The ES or AS developer is involved in the evaluation process, when the evaluation
scope includes ES or AS.
56
He may be requested by the evaluation sponsor to write or assist him write the
Security Target.
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57
He provides the evaluation laboratory with every required evaluation deliverable
according to the targeted evaluation level and evaluation scope, as defined in the
Security Target.
58
He provides IC pre-personalization data.
4.3.3 Card Issuer
59
The card issuer is the customer for a product. He is in charge of the issuance of the
product to the smartcard holders; as a minimum, he should be involved in the
evaluation process and assumes responsibility for:
•
Security Target approval,
•
definition of the smartcard personalization data for the product,
•
and authorship of the smartcard product guidance documentation.
4.3.4 Sponsor (of the evaluation)
60
The sponsor of the evaluation is involved in the evaluation process is responsible for:
•
writing and/or approving the Security Target (he can ask the developer to write the
Security Target for him, but he has to approve its contents because it is the
baseline for the whole evaluation process),
•
mainly ensuring that every required evaluation deliverable be made available to
the evaluator.
4.3.5 Evaluator
61
The evaluator analyses the evidence elements he is provided with throughout the
evaluation process:
•
He performs functional and penetration testing on the TOE.
•
He performs a site visit to the development premises.
•
He performs a site visit to the production premises (for the evaluation including
the IC).
•
He writes and issues evaluation reports (including the final Evaluation Technical
Report – ETR).
4.3.6 Certification body or Evaluation Authority
62
The certification body (CB) acting as evaluation authority is involved in any
evaluation process running under its own scheme. It is responsible for:
•
approving the evaluation scope as defined in the Security Target before the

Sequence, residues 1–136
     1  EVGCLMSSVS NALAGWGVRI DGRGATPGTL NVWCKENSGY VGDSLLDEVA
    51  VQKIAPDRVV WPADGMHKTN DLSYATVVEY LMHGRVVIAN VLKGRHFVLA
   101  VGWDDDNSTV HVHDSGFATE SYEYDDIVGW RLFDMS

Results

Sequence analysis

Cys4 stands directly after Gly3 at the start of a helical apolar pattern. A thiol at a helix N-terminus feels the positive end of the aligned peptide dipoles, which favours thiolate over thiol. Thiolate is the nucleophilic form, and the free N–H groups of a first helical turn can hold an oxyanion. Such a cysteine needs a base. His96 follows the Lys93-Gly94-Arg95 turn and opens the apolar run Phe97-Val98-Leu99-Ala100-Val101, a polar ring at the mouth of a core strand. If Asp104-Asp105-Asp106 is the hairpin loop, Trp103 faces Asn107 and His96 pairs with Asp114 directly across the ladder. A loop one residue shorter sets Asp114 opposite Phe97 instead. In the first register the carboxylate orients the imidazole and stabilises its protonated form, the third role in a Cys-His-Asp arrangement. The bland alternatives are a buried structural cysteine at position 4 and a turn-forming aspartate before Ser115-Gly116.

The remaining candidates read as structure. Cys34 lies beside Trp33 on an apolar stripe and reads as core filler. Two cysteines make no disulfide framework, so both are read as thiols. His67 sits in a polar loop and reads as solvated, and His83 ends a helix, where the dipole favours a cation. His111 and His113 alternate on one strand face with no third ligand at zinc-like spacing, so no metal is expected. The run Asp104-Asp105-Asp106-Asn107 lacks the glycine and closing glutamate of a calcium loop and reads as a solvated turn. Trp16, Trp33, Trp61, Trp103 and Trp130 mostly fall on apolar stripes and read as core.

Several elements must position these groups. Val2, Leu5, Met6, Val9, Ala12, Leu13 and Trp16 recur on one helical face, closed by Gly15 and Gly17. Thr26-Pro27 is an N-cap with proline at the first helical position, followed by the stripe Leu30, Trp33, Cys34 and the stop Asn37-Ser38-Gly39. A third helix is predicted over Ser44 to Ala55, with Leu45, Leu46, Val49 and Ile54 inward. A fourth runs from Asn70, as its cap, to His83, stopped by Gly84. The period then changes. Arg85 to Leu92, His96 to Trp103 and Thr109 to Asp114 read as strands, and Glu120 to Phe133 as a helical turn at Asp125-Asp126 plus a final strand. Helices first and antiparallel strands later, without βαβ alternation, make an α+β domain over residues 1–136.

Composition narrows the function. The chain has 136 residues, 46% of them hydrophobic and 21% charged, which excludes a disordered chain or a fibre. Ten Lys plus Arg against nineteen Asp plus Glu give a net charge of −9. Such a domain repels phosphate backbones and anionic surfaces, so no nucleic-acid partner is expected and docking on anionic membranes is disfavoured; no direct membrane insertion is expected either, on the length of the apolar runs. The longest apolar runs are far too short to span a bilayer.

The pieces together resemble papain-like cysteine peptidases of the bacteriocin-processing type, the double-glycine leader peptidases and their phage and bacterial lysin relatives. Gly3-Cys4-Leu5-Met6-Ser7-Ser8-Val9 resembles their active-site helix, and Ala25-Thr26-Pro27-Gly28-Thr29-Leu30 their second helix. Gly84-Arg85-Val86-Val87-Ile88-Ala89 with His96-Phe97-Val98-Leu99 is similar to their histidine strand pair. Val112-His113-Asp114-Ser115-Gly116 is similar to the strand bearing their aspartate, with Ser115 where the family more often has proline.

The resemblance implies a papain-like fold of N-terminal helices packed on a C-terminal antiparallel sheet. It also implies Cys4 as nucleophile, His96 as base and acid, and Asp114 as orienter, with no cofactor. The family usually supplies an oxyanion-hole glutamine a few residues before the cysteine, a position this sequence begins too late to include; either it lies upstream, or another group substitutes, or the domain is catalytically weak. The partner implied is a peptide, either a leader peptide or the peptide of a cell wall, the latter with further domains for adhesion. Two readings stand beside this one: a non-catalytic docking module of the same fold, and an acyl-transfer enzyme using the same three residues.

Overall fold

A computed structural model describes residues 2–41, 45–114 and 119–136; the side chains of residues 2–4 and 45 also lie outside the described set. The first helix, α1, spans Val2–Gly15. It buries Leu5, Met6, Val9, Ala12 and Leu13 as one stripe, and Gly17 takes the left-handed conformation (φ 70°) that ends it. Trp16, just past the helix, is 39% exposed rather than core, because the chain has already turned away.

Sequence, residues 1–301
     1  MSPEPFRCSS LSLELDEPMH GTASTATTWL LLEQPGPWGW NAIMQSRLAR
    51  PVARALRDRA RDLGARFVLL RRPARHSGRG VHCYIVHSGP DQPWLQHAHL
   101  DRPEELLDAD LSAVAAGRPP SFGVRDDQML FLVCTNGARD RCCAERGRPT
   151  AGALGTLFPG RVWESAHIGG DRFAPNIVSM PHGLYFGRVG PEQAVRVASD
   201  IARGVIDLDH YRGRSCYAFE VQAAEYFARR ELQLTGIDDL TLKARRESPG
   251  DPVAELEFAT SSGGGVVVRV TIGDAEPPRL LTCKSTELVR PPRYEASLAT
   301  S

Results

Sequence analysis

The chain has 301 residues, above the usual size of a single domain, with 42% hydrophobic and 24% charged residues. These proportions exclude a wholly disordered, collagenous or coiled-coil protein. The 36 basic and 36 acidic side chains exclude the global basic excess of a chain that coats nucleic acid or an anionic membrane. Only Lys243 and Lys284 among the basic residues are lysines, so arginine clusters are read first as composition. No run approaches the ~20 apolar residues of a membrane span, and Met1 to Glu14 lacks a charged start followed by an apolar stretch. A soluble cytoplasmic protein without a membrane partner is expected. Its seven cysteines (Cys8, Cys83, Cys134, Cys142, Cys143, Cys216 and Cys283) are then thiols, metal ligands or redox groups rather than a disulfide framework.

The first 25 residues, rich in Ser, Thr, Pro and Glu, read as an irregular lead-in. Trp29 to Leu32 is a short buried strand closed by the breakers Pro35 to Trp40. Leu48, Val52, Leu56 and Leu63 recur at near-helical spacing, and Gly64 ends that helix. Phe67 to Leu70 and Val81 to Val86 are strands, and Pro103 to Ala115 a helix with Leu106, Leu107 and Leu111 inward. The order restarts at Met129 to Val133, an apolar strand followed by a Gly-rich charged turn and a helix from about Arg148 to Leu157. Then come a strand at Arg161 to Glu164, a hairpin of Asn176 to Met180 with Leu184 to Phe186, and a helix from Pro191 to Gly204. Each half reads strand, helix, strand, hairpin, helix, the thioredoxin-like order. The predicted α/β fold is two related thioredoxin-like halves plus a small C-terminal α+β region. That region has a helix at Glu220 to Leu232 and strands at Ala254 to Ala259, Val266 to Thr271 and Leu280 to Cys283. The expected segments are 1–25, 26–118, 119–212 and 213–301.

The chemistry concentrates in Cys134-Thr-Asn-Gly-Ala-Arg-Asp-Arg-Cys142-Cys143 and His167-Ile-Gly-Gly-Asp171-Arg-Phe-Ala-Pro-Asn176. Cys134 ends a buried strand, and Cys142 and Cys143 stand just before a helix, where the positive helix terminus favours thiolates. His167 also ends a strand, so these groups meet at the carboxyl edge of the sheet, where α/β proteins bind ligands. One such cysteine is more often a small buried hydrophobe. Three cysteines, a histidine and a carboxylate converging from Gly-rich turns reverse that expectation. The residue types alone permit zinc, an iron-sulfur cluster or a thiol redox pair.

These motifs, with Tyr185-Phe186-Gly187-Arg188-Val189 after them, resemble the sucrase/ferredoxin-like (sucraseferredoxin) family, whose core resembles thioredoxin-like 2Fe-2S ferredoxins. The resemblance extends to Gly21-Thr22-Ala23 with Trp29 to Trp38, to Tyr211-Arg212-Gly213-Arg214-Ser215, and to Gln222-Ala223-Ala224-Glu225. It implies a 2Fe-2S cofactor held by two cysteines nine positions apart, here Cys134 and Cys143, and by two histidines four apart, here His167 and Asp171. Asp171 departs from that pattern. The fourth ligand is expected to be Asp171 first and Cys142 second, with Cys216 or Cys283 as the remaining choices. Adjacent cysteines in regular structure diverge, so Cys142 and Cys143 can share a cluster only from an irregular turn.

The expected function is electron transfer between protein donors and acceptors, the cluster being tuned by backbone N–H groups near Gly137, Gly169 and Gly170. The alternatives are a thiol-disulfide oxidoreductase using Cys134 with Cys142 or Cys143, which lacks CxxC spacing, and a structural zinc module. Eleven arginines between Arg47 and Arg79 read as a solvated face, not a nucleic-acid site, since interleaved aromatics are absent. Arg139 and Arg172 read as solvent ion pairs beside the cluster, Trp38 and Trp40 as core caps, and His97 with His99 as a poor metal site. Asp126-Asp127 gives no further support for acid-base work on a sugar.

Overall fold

evaluation process is allowed to start,
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•
giving advice regarding the evaluation of cryptographic aspects,
•
monitoring the evaluation work performed by the evaluation laboratory
throughout the evaluation process (evaluation results and evaluation reports
approval, attending evaluation meetings etc.),
•
and finally, issuing a certificate and a certification report (assuming the evaluation
process leads to an overall “Pass” verdict).
4.4 Detailed contributors inputs and evaluator tasks during the
evaluation process
4.4.1 General evaluation inputs definition
63
With regard to the documentation needed for the evaluation, it is recommended to
provide one “header” document for each task of a CC evaluation. For example, the
“header” document could link internal documents with CC tasks. In some cases, more
than one document is required like tasks related to the class ALC in families
ALC_CMC, ALC_CMS, and ALC_DVS components where one set of documents per
site is required.
64
For tutorial purposes, we are going to illustrate the theory using a specific evaluation
level. As an instance, the guidance described in this document has been developed
according to one common evaluation level used in various operational contexts and